Biography

Artist Lada Dedic in her studio

Lada Dedić is a slow art practitioner who utilises the intricate, almost surgical process of repetitive stitching to document the passage of time while exploring themes of medical anthropology, meditative contemplation and the interplay of science and art.

She utilises techniques and materials which unsettle dominant narratives around traditional mediums. Her ritualistic practice takes time, it is meditative, methodical and rhythmic which supports an ongoing investigation of the discipline required to remain in the moment while performing an act of endurance where every stitch is purposeful and calculated.

Lada was born in Melbourne to parents who immigrated to Australia as political refugees. Their work as journalists left an imprint which she believes was the catalyst for her lifelong interest in the human mind and the impact of life experiences on the psyche.

On completion of a Fine Art Degree at Monash University, Lada went on to study an intensive course in Anatomy at the University of NSW, School of Medical Sciences where she was given the opportunity to sketch and work with human cadavers including the human brain. Later, her contemplative practice led her to study Tibetan Buddhism.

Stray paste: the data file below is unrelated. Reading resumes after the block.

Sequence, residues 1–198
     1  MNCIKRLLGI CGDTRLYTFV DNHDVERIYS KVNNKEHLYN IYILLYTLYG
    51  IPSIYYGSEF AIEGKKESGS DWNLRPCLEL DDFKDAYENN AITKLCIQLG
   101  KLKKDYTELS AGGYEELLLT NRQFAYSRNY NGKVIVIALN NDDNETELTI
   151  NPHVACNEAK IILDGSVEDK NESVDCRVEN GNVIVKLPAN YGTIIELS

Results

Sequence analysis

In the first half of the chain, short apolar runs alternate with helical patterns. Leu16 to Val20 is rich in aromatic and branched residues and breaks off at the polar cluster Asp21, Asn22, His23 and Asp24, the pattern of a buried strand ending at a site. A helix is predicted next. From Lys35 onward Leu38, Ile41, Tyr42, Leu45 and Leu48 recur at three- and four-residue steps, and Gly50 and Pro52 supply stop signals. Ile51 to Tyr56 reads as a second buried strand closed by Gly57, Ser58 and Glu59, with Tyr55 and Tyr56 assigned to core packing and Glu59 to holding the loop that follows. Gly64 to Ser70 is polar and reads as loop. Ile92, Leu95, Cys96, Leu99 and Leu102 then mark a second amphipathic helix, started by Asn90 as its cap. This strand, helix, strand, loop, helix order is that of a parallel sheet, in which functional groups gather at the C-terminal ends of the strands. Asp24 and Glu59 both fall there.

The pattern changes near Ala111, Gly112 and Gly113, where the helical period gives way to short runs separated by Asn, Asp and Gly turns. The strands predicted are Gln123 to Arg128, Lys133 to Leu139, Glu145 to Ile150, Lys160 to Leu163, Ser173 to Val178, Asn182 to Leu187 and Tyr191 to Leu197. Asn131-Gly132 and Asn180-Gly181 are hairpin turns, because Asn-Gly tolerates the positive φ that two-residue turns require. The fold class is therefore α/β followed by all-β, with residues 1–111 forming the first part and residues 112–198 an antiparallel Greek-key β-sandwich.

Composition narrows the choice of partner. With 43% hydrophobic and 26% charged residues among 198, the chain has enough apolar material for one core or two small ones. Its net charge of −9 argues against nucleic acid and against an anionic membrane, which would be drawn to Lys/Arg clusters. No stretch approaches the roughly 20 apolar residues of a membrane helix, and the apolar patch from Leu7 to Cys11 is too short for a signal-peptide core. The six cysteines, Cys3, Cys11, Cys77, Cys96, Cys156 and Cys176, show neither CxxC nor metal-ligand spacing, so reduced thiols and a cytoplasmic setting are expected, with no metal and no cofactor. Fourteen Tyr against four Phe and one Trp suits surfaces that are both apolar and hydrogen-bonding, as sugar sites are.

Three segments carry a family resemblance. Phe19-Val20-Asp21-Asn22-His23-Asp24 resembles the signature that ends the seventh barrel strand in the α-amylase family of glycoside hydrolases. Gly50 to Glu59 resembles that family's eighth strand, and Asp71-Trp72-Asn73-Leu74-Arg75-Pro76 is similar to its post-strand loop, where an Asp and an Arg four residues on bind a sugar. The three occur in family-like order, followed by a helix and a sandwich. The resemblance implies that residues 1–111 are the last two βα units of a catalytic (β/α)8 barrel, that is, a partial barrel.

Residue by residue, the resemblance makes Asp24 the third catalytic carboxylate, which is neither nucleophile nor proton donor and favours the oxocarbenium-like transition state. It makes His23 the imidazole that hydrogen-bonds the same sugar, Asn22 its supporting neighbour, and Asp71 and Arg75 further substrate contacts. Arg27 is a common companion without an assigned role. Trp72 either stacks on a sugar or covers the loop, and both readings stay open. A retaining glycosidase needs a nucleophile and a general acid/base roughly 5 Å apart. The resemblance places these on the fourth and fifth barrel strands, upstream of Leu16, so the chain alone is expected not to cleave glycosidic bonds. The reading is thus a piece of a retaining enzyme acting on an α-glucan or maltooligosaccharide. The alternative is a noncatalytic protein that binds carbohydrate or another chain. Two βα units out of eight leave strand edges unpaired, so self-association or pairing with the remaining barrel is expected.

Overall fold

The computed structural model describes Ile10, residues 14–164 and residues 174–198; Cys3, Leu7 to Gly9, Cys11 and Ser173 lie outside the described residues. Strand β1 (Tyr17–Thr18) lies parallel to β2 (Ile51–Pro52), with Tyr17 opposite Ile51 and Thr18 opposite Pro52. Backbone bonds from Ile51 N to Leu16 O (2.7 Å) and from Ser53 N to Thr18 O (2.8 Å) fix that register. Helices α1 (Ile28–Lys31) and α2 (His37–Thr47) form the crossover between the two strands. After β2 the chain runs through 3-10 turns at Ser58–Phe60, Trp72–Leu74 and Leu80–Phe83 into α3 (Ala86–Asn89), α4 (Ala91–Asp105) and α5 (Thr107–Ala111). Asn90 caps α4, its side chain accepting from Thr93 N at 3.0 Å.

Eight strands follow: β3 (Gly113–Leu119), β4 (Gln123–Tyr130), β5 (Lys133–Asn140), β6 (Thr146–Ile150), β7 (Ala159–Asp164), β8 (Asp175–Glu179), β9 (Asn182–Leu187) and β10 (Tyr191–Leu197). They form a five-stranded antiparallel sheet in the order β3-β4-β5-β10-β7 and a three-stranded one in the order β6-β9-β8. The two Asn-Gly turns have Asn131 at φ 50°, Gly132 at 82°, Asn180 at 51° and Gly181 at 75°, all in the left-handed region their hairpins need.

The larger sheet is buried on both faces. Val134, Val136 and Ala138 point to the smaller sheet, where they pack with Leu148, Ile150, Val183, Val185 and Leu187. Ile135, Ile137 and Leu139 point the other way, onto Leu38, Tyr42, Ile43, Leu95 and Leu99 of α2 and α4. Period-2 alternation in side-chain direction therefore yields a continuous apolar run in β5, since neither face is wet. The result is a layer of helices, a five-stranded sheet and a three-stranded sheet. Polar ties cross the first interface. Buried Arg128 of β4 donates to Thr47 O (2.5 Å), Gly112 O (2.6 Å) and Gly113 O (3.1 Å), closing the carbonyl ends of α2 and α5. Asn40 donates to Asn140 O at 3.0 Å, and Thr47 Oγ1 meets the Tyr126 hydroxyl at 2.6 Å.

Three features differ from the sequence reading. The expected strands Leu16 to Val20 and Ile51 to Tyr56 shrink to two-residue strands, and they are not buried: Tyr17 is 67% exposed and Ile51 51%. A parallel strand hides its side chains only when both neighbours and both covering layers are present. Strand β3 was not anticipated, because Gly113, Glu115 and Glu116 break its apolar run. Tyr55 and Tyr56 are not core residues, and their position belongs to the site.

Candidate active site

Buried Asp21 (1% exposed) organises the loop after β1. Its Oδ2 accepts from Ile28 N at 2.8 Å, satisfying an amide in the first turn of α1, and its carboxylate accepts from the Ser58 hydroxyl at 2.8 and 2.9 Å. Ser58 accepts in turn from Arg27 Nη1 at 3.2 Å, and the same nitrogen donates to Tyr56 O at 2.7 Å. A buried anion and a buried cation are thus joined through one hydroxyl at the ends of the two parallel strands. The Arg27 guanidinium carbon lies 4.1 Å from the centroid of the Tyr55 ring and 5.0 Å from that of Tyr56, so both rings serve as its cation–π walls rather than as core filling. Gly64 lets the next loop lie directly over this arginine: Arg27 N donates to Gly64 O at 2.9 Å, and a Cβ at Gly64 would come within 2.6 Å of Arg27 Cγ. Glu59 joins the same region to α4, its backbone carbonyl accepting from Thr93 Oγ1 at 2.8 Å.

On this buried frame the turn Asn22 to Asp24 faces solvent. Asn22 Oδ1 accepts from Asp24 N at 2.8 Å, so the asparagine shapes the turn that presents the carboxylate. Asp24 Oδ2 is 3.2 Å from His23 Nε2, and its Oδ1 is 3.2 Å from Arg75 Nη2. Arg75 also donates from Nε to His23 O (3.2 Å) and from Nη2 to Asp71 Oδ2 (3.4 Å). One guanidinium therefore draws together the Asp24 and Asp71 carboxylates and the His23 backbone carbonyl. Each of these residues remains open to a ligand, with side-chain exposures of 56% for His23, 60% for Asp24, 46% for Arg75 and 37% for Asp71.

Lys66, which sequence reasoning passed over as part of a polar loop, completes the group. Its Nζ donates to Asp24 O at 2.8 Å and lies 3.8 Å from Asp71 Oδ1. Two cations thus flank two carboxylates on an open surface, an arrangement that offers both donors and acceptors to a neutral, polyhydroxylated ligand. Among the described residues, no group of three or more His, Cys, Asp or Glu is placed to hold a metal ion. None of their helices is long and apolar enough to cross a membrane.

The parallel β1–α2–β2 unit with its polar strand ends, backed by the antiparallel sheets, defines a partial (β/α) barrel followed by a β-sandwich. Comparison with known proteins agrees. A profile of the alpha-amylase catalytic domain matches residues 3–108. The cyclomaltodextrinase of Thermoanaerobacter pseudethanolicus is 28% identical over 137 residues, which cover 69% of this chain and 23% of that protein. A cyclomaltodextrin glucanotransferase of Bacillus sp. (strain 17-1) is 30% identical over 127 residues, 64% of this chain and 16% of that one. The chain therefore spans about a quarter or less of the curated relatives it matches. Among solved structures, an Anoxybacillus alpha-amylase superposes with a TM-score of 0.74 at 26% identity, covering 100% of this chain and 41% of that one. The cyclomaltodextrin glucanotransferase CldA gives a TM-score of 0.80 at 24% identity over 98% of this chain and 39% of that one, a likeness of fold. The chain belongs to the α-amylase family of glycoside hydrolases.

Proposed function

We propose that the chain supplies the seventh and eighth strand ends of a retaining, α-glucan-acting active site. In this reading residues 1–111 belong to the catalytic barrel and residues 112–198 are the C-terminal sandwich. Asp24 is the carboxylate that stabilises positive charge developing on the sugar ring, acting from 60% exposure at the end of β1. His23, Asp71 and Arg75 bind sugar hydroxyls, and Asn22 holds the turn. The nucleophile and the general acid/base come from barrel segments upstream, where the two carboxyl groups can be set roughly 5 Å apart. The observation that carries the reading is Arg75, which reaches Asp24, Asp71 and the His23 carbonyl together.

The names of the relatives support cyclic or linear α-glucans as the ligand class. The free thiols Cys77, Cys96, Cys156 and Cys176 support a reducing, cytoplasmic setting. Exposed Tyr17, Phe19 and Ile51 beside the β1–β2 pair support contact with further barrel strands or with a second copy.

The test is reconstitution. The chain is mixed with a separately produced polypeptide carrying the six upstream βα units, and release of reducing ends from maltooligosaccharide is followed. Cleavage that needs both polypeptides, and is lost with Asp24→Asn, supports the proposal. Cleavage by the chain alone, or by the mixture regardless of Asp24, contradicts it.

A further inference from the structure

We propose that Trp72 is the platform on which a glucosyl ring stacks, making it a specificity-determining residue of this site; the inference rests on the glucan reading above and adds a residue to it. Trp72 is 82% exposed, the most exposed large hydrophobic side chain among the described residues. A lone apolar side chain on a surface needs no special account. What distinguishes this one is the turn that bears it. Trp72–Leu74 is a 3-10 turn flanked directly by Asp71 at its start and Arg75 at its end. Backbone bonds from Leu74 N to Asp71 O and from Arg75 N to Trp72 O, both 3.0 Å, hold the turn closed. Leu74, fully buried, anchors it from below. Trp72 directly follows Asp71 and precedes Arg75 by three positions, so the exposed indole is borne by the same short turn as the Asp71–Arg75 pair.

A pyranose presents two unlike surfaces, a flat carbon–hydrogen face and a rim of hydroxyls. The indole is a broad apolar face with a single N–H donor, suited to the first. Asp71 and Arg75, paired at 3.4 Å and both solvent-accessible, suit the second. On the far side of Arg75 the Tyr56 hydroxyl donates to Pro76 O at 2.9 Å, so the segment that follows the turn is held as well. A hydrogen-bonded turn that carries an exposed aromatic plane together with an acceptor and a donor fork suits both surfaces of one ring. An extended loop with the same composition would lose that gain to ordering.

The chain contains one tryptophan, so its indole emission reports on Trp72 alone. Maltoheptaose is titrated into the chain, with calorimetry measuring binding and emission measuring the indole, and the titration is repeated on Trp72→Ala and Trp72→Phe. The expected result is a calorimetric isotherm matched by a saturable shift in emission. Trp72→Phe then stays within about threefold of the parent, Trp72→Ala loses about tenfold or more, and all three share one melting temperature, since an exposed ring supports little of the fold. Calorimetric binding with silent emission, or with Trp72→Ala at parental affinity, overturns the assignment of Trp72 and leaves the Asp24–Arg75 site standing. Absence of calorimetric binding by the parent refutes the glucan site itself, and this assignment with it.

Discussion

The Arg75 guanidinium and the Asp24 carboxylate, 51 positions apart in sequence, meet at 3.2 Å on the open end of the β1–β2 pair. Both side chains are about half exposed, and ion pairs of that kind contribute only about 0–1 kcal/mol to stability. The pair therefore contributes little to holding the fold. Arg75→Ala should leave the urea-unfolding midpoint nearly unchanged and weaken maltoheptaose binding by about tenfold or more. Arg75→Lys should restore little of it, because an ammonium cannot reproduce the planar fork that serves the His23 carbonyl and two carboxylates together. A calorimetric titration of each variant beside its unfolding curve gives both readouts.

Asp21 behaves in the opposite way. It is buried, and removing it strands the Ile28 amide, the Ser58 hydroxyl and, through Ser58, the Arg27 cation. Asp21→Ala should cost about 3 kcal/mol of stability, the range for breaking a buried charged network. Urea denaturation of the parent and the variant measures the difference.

Lada works from Square One Studios and is represented by .M Contemporary in Sydney for enquirers please contact:

.M Contemporary
37 Ocean Street, 
Woollahra, 2025
Sydney, Australia

Web: www.mcontemp.com
email: gallery@mcontemp.com
Ph + 61 2 9328 0922

 

Specialities: Slow-art, sci-art, neuro-art, contemplative embroidery and interactive installation

 


 “I believe that artists and musicians have a great responsibility to serve or to help humanity… we pay too much attention to material development or the economic side of these things so our potential does not have the chance to develop and grow… I think it is the responsibility of all of humanity, but particularly you musicians and artists, through your own profession to give people hope… so give them hope, we have good potential if we open up our mind, make effort, we have the ability to overcome all these problems and all this suffering. So I think you can utilise your own profession to give the people new ideas and new hope and a sense of personal responsibility.” 
– His Holiness The 14th Dalai Lama (1995)